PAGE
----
Volume 7 Supplement 2
Undernutrition in utero increases susceptibility to prostate neoplasias in adult rat after steroid exposure
© Rinaldi and Felisbino; licensee BioMed Central Ltd. 2013
Published: 4 April 2013
Maternal protein restriction during pregnancy promotes several alterations in the progeny. Previous studies showed that androgen/estrogen imbalances during perinatal period, can program prostate cells to develop prostate lesions in adult life after a second insult. This study aimed to investigate prostate diseases susceptibility in adult rat offspring which underwent in utero low protein diet and were chronically exposed to low doses of estrogen and testosterone in adult life.
Material and methods
16 weeks-old Wistar rats (n=48) that received in utero normal protein diet (NP group, 17% protein) or low protein diet (LP group, 6% protein) were subjected to 17-beta estradiol+testosterone administration (subcutaneous implant, NPH and LPH groups) for 16 weeks. The animals were killed at age of 35 week and the ventral (VP) and dorsolateral prostate (DLP) was excised, weighted and processed for histochemical, morphometrical and immunohistochemical (AR, Ki67, p63, beta-catenin, laminin and GSTP) analyses.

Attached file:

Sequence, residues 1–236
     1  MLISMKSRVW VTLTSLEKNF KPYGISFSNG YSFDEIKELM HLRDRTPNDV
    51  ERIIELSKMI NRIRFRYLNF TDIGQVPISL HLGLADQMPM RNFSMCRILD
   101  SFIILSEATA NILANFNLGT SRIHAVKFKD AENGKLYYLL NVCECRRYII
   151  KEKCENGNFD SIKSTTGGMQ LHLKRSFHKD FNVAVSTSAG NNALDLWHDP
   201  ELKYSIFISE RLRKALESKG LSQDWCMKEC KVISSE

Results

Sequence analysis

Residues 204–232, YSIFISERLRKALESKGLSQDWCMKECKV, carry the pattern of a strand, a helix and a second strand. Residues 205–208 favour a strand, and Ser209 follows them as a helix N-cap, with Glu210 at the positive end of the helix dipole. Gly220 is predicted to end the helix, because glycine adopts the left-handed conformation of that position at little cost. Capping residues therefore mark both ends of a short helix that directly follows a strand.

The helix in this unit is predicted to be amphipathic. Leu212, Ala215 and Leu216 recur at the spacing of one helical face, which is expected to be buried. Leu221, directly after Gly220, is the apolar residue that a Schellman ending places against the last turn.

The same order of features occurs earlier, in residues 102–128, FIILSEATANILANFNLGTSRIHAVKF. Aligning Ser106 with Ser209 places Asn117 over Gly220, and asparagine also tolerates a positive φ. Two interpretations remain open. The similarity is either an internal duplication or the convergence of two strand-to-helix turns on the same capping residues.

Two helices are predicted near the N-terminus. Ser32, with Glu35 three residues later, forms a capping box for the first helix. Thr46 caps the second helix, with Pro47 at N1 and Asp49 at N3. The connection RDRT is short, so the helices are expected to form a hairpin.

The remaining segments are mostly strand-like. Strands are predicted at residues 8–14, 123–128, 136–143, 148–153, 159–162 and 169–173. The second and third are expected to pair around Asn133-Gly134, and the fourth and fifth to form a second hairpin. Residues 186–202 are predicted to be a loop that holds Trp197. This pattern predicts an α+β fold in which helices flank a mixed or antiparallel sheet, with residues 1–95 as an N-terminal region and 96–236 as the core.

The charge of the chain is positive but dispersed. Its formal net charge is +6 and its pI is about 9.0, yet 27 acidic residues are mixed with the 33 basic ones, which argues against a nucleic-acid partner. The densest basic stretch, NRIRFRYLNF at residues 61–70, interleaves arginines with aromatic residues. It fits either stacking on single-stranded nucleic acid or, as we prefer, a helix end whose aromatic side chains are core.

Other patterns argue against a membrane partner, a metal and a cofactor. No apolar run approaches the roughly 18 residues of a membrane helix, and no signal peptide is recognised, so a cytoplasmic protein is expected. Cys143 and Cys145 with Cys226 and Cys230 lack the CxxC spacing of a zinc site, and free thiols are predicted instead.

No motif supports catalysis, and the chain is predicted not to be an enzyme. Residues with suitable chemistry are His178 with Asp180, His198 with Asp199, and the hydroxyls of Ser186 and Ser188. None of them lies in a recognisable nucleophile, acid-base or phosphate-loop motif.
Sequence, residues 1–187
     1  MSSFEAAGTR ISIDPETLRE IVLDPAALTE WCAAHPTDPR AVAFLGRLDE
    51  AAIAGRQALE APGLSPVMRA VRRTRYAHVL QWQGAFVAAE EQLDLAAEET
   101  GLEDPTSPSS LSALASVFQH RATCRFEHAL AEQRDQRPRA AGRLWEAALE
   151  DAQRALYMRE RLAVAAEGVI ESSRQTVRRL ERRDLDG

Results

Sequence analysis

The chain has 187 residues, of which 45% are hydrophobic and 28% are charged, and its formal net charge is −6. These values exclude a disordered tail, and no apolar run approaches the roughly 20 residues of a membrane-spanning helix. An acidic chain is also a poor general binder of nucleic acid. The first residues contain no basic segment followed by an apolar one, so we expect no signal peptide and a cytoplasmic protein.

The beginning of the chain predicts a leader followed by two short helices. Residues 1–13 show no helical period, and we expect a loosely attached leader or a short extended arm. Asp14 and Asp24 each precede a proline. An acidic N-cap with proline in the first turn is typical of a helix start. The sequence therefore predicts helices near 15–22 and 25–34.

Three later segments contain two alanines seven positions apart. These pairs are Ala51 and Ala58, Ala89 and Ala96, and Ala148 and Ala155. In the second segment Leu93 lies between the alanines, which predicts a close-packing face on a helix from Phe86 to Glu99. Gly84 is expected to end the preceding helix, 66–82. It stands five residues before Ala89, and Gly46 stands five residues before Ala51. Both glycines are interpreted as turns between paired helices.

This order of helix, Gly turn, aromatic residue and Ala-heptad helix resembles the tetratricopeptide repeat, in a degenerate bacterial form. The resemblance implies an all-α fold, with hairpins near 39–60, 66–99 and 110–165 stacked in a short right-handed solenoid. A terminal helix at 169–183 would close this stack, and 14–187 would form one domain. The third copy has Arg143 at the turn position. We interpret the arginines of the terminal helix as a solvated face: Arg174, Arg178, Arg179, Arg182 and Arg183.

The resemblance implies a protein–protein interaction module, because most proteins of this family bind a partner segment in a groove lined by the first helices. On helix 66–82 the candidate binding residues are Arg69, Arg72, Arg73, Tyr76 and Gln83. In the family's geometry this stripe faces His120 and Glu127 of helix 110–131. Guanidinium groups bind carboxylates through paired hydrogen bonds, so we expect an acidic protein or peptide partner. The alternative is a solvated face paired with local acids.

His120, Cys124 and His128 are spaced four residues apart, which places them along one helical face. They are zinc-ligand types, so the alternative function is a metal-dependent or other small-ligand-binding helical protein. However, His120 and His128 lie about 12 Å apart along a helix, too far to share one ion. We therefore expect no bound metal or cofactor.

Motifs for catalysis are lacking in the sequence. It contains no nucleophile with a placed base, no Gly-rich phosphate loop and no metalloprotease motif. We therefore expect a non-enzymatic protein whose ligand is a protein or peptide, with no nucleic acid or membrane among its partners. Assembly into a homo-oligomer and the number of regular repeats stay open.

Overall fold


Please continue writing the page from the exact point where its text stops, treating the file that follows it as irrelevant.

Both VP and DLP weight from NPH group were higher than LPH group. Serological data showed that estradiol levels were similar in both groups, but testosterone levels were lower in the LPH male offspring. Morphometric analysis verified a decrease in the height of prostatic epithelium, apoptotic index and an increase of proliferation index in LPH group compared to NPH group. The incidence of prostatitis and prostatic intraepithelial neoplasia was higher in VP and DLP of LPH group. However prostate cancer was not observed.
Maternal protein restriction alters adult prostate response to androgen/estrogen handling and also interferes in adult prostate susceptibility to diseases.
This article is published under license to BioMed Central Ltd. This is an Open Access article distributed under the terms of the Creative Commons Attribution License (http://creativecommons.org/licenses/by/2.0), which permits unrestricted use, distribution, and reproduction in any medium, provided the original work is properly cited.